TREND ALERT®: Fed Chair touts "optimism": Recovery or recession?

Posted 6/8/16

 

TREND ALERT®: Fed Chair touts "optimism": Recovery or recession?

KINGSTON, NY, 8 June 2016—Over the last few weeks, Federal Reserve Chair Janet Yellen and fellow Fed members …

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TREND ALERT®: Fed Chair touts "optimism": Recovery or recession?

Posted

TREND ALERT®:
Fed Chair touts "optimism": Recovery or recession?

KINGSTON, NY, 8 June 2016—Over the last few weeks, Federal Reserve Chair Janet Yellen and fellow Fed members bombarded the business media with the refrain that America’s economy was strong, and to expect an interest-rate rise “in the coming months.”

The Street bought it and the markets believed it. Gold prices, for example, on a 20 percent upward streak since the new year, sharply dove on the pending interest-rate-hike hype. Since the great criticism from the “investor” world is that gold yields no interest, with interest rates among developed nations in negative or near-low territory, and holding cash yields nothing, holding gold was deemed safer than holding cash. But with the Fed signaling rising rates, that rationale for owning gold no longer held and a selling wave ensued.

What a difference a day makes

However, following May’s US job report last Friday, in which only 38,000 jobs were added to the economy – the fewest in five years – gold spiked some $30 per ounce on the realization that there would be no rate hike “in the coming months.”

Among the major data points Fed officials have been long touting as evidence for economic growth are the Labor Department’s monthly employment reports. Indeed, in her speech Monday at The World Affairs Council of Philadelphia, Yellen stressed that economic “gains have been impressive. In particular,” she said, “the job market has strengthened substantially,” while suggesting that May’s dismal number was an “aberration” and “one should never attach too much significance to any single monthly report.”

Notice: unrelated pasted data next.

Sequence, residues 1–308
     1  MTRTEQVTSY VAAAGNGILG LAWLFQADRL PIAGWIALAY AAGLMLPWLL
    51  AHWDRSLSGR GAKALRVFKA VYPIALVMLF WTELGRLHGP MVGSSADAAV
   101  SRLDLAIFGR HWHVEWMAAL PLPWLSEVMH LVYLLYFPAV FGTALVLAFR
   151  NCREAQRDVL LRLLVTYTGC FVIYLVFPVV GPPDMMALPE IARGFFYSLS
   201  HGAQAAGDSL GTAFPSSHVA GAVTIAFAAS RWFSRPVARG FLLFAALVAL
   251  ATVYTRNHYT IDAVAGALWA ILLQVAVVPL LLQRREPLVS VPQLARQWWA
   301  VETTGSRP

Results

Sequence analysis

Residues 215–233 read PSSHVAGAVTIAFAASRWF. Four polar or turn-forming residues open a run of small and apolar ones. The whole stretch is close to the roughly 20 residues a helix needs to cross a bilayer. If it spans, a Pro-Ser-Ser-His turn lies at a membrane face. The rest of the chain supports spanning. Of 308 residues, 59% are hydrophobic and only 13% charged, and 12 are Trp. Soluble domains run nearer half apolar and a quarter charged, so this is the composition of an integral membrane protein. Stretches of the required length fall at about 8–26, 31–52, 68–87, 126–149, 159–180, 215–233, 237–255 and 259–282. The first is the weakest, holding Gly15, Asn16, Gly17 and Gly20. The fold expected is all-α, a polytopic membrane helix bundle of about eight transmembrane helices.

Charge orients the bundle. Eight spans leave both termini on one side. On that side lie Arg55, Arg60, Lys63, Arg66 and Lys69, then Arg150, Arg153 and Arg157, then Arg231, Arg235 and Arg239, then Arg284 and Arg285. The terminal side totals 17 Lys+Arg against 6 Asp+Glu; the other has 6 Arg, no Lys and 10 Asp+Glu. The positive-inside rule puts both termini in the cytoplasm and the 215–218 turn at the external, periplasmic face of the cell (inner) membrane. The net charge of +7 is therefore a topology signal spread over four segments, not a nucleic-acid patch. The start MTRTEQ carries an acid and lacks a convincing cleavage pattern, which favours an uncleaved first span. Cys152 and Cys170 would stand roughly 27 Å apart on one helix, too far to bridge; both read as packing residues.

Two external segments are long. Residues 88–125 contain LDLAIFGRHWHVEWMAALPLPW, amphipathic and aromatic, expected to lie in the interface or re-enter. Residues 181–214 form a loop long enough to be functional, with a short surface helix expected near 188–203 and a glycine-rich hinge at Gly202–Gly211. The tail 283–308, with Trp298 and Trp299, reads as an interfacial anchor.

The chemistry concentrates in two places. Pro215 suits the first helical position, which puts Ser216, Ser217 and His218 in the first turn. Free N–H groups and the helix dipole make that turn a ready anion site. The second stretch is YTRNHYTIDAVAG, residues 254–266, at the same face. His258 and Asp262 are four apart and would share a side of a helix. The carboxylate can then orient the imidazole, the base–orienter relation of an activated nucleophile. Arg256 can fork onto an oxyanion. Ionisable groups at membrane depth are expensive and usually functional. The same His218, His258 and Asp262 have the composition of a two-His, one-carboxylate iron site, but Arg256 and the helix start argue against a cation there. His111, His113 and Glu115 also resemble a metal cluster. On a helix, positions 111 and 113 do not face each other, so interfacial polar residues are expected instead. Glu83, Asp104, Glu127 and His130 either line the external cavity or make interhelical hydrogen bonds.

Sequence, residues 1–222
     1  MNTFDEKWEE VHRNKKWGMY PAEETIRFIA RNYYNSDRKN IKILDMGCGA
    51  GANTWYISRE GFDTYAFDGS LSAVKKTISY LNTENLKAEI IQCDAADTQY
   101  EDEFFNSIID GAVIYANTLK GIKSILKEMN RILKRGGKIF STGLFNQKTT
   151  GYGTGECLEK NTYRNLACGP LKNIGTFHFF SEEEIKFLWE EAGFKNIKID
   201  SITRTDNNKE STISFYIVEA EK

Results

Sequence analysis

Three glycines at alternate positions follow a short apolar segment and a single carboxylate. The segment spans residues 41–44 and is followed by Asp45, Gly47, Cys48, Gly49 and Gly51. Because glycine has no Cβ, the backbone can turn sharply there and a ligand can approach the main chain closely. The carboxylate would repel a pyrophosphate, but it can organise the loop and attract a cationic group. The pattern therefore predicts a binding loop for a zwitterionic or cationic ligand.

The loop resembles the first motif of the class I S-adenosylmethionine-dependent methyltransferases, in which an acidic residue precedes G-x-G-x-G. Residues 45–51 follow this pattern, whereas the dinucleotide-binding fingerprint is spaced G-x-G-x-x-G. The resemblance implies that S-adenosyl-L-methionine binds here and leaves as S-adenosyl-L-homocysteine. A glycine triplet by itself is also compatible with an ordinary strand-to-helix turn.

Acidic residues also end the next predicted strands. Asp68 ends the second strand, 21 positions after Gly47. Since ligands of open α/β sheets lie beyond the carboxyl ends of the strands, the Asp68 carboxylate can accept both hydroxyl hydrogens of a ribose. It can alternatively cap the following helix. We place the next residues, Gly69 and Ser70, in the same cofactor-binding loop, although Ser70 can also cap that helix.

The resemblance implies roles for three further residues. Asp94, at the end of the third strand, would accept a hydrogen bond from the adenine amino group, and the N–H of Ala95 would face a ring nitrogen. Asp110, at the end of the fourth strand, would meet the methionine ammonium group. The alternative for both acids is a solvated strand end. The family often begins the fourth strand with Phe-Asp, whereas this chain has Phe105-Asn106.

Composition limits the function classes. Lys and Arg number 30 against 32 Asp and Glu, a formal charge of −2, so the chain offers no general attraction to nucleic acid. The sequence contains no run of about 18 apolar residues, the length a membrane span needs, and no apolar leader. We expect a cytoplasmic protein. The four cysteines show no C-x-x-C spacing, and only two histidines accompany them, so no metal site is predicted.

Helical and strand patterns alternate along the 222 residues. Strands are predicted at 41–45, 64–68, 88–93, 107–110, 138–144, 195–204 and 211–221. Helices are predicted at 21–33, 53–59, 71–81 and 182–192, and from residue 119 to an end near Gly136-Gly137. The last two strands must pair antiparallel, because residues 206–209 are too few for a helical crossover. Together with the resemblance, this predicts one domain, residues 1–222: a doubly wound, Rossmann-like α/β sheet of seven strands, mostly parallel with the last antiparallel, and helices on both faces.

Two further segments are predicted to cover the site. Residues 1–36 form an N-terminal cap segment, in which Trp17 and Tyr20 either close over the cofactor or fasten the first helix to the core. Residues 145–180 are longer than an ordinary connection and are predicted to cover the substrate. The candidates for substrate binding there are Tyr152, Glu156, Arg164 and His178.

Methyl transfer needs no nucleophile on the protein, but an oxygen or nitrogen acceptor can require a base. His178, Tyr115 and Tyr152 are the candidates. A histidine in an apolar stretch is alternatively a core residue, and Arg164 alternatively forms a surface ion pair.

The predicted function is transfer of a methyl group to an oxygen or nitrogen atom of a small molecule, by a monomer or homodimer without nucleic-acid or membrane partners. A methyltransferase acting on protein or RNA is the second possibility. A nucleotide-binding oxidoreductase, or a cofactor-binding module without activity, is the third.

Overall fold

While May’s job number may be an “aberration,” what the Fed Chair failed to acknowledge is that the job slowdown is greater than “any single monthly report.” Since January, the economy has added 125,000 jobs per month compared with a monthly average of 229,000 last year. Also not an aberration is that the labor force participation rate had decreased to nearly a four-decade low of 62.6 percent and some 460,000 people left the workforce in May.

In addition, as for the unemployment rate dropping to a nine-year low of 4.7 percent from 5 percent in April, economist and Trends Journal Contributing Editor Dr. Paul Craig Roberts noted it dropped “
because people unable to find jobs ceased looking and are no longer counted as being in the labor force. If you are unemployed but not considered part of the labor force, you are not included when unemployment is measured. The Bureau of Labor Statistics says that in May there were 1.7 million Americans who ‘wanted and were available for work,’ but were not counted as unemployed because they had not searched for work in the four weeks preceding the survey.”

Trend Forecast: While Yellen states “the economy has registered considerable progress over the past several years toward the Federal Reserve’s goals of maximum employment,” hard data dispute her jobs-progress claim. In fact, since 2009, 95 percent of all income gains have gone to the richest 1 percent while median household income remains below 1999 levels. There is no recovery. We forecast recession.
©MMXVI The Trends Research Institute®